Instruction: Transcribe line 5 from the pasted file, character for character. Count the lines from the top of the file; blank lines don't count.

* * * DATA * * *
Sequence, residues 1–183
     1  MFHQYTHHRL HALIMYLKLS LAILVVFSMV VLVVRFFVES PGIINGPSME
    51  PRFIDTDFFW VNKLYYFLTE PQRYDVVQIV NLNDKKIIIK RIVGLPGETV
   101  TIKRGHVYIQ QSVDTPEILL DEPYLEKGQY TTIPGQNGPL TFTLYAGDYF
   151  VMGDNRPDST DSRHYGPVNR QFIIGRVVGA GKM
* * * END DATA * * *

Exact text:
   151  VMGDNRPDST DSRHYGPVNR QFIIGRVVGA GKM